Do yourself a favour.  Read the the labels before you put anything on your face.  Consult the list of ingredients to avoid if you are not sure what you need.

But honestly, if it reads like a chemical experiment, it’s probably not all that good for you.

No matter what the pretty model says.



If you want to see ingredients in better quality, click on the image below for bigger resolution :

Ingredients in Olay Products

Source data/methodology:

I pulled all the products listed for OLAY on the EWG Skin Deep Cosmetics Database .  I then checked what ingredients are listed for each product.  Then using the free tool on I made a word cloud to see which ingredients come up most often.  The larger the word, the more products include that ingredient.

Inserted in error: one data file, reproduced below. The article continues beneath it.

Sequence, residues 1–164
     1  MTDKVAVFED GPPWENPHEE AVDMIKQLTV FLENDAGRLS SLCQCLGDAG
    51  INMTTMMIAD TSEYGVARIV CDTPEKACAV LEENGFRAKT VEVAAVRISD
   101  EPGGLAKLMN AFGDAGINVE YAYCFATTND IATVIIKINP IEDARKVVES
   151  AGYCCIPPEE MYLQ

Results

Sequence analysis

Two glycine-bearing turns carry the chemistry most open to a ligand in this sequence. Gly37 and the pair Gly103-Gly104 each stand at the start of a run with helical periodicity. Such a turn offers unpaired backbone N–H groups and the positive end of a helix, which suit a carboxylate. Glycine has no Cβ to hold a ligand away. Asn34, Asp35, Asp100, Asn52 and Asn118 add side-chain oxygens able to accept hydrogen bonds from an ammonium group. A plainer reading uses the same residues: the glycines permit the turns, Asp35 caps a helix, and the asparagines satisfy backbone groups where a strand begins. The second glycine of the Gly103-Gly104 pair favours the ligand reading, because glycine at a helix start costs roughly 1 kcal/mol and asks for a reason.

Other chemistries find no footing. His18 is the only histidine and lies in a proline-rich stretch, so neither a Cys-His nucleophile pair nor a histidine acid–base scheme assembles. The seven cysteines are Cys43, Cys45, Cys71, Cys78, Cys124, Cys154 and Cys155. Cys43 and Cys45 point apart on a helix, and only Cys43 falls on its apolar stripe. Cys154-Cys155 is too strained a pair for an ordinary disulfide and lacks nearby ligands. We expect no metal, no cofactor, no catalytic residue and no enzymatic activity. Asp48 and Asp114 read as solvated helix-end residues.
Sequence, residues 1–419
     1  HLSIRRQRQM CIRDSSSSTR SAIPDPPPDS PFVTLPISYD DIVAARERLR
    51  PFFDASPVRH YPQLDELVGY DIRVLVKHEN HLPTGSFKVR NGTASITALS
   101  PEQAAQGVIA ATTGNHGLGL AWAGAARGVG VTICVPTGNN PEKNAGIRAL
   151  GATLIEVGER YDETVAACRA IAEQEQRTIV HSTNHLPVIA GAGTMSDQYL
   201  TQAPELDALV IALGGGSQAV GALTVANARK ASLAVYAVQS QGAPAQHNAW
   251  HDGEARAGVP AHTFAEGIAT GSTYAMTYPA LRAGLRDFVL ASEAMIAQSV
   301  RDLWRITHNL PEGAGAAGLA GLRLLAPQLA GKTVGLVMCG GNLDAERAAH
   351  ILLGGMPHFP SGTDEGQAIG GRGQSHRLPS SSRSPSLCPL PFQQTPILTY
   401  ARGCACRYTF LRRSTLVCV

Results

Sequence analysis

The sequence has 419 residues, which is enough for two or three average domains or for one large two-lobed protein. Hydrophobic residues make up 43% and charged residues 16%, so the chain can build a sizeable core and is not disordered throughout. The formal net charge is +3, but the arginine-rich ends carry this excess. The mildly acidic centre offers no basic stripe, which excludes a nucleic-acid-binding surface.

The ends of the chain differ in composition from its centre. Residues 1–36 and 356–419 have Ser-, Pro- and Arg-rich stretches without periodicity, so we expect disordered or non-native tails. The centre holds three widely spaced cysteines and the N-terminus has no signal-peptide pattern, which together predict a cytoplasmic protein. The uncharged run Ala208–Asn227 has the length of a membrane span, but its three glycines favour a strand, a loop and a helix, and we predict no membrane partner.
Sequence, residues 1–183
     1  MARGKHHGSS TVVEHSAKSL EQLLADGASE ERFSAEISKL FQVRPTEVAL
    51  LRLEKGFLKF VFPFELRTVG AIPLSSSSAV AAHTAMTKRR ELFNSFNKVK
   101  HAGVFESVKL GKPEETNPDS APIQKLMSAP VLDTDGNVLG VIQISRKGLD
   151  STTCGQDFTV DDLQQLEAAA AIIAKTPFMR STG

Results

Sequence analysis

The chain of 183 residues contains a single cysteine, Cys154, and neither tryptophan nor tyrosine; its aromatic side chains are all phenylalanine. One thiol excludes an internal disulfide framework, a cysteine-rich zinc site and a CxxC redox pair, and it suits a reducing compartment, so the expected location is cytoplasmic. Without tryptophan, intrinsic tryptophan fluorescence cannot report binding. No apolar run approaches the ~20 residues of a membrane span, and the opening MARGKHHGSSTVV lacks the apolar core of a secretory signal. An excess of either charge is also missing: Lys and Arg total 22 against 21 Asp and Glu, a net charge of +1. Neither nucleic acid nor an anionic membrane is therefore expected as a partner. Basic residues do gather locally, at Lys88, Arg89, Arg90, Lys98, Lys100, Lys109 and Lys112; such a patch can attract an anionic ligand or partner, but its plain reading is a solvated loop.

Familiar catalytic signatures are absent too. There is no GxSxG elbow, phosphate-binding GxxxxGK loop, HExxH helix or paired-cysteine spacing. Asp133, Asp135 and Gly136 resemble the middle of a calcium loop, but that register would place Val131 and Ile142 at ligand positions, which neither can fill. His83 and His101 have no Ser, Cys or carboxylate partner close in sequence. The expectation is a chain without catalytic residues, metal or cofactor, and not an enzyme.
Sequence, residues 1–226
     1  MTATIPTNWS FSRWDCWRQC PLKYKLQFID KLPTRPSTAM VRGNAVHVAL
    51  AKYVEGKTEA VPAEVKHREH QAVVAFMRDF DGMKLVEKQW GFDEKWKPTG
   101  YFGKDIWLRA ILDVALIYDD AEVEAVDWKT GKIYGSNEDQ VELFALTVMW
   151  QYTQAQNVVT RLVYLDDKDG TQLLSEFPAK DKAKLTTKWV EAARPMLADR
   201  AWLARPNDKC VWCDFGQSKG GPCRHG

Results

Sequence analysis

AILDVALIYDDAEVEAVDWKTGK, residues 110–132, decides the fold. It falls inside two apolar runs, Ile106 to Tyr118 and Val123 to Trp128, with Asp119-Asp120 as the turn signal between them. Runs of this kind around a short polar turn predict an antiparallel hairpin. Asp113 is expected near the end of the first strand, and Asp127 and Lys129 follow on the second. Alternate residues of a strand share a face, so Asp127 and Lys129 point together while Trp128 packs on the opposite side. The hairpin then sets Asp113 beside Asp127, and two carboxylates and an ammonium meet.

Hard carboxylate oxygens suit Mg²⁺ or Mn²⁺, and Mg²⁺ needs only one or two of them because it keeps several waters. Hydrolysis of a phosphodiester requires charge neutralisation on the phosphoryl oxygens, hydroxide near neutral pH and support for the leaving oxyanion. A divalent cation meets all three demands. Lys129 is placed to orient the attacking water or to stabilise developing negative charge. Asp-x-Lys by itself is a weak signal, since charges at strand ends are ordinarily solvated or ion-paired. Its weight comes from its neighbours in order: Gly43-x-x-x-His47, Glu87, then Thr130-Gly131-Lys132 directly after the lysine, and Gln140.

Then I had fun with photoshop to make it all presentable.

]]> 1
Organics Review: BeeAllNatural Organic Lip Balm Sun, 19 Sep 2010 20:59:21 +0000 julena Product Name:

Bee All Natural Organic Lip Balm By Bee All Natural.


About the brand:

Bee All Natural is a one woman show ran by Rachel Nonis. Based out of Shelby Township, Michigan, Rachel started her company because she was tired of buying products that claimed to be “natural” but “still have garbage” in them. No she makes all the products from scratch, packages it, designs and prints the label . In her own words “I want to create products that I can be proud of. Proud of selling, using and standing behind 100%”.


USDA certified organic, food grade quality.


Rachel sent me three flavours to try:

Peppermint, Natural and Grapefruit
I absolutely make these flavours. They make me hungry. Probably best tasting balms I’ve had in ages. Good thing they are organic in case I eat too much! I can’t even pick a favourite, but pushed against the wall I’d probably spill “grapefruit”.


To die for. This scent reminds you what food is supposed to smell like… I keep forgetting that these balms aren’t for eating! Thank god they are food-grade…


Really pretty little tubes. These balms look playful and simple. Fits in my little wallet, which is perfect.